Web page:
A visit tonight from Andy of Etrangere and the Edinburgh Destroyers. He and Susan had been on honeymoon in Egypt and Arabic music had got under his skin, as it did for me in the mid-90s. We went over my rather rusty knowledge of Egyptian belly-dance rhythms, which was fun.
In the mid-90s, after the Hungry Ghosts band split up, I decided to indulge my interest in Arabic music and find out a bit more. I contacted Hilary Thacker, who runs belly-dance classes in the Egyptian style, for tips on where to begin and she kindly invited me to sit in on a class she ran just off Lothian Road with a live drummer (most classes used recorded music). The drummer was and is a percussionist in Salsa Celtica, but he knew his Arabic stuff too. I was allowed to return to the class for quite a few weeks as his ‘apprentice’ which involves playing the duf, a large bodhran-like drum. The duf-player plays the basic pulse of the dance (which you learn using vocalese like dum tak, tak dum tak) which allows the darabuka drummer to improvise with rolls and snaps. It’s the traditional way of learning and very effective. I came away with the rhythm imprinted not only on my brain but my body, and when I got home tried the ornamented drumming much as one used to strut one’s guitar chords in front of the mirror. I did this for several months, playing at a few of Hilary’s performances as well as classes.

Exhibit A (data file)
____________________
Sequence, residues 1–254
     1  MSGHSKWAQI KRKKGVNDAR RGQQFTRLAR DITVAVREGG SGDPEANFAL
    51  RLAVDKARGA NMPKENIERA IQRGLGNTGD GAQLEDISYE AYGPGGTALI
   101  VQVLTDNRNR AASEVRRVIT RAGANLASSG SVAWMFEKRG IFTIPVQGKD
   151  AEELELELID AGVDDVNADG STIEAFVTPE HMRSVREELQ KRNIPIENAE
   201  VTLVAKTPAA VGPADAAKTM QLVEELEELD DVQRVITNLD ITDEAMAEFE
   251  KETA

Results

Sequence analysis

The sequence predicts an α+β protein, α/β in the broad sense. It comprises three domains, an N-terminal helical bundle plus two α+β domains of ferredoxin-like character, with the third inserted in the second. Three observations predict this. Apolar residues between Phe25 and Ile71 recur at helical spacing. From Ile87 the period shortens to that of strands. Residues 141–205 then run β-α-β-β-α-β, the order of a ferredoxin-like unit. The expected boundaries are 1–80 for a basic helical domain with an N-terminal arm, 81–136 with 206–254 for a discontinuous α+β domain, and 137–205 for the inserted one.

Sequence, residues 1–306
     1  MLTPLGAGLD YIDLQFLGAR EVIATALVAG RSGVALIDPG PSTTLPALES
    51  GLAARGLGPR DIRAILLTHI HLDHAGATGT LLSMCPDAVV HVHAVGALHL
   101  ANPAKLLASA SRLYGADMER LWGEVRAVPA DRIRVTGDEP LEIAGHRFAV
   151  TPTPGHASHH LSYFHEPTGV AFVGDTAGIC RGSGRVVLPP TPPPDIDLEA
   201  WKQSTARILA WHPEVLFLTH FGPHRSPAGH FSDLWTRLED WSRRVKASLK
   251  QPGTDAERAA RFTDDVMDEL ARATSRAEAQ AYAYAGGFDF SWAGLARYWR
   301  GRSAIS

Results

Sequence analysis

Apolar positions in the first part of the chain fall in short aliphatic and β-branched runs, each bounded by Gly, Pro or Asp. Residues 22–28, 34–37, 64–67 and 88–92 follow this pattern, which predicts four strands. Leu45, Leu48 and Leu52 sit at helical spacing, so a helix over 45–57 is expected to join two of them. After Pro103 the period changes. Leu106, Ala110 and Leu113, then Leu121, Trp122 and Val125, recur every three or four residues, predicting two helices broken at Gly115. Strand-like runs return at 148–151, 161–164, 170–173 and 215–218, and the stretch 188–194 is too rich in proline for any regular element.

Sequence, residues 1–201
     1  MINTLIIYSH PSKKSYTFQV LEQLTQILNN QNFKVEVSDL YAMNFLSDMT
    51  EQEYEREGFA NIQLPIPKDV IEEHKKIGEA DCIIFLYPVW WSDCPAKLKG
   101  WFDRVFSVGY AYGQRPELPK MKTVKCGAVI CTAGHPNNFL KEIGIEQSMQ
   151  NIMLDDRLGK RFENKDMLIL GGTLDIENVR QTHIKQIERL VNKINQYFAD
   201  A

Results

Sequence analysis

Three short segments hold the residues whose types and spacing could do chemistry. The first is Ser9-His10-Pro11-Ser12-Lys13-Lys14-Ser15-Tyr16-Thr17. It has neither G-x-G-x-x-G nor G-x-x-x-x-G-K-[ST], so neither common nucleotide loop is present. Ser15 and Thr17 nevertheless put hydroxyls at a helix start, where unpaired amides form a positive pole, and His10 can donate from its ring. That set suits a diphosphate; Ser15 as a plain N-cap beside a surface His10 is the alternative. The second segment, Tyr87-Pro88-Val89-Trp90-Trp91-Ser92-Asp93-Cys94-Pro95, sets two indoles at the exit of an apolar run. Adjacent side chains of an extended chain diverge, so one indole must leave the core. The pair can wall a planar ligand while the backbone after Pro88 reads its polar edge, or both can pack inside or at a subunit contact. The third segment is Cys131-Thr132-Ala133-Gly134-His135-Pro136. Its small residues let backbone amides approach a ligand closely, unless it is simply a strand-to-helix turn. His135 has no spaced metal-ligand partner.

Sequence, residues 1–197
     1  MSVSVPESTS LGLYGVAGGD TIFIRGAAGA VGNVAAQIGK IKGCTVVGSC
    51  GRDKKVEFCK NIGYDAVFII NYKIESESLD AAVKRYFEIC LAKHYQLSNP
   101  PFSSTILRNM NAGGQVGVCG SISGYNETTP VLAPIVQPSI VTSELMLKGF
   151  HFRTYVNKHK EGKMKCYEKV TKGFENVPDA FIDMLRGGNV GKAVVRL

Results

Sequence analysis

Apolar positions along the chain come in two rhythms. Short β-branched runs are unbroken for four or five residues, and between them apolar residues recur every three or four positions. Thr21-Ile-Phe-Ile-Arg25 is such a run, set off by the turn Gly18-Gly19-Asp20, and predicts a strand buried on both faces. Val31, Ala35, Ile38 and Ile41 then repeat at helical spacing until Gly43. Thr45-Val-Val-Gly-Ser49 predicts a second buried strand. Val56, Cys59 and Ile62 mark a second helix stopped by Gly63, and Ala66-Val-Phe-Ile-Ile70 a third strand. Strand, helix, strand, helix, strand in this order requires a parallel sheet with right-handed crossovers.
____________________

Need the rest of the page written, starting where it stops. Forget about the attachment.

After a while, songs and guitar lured me back, and tonight was the first time in years I’ve played the darabuka with anyone else. Maybe one day we’ll meet up with some Middle Eastern students and really start learning, but tonight it was nice to revisit that little corner of my musical world.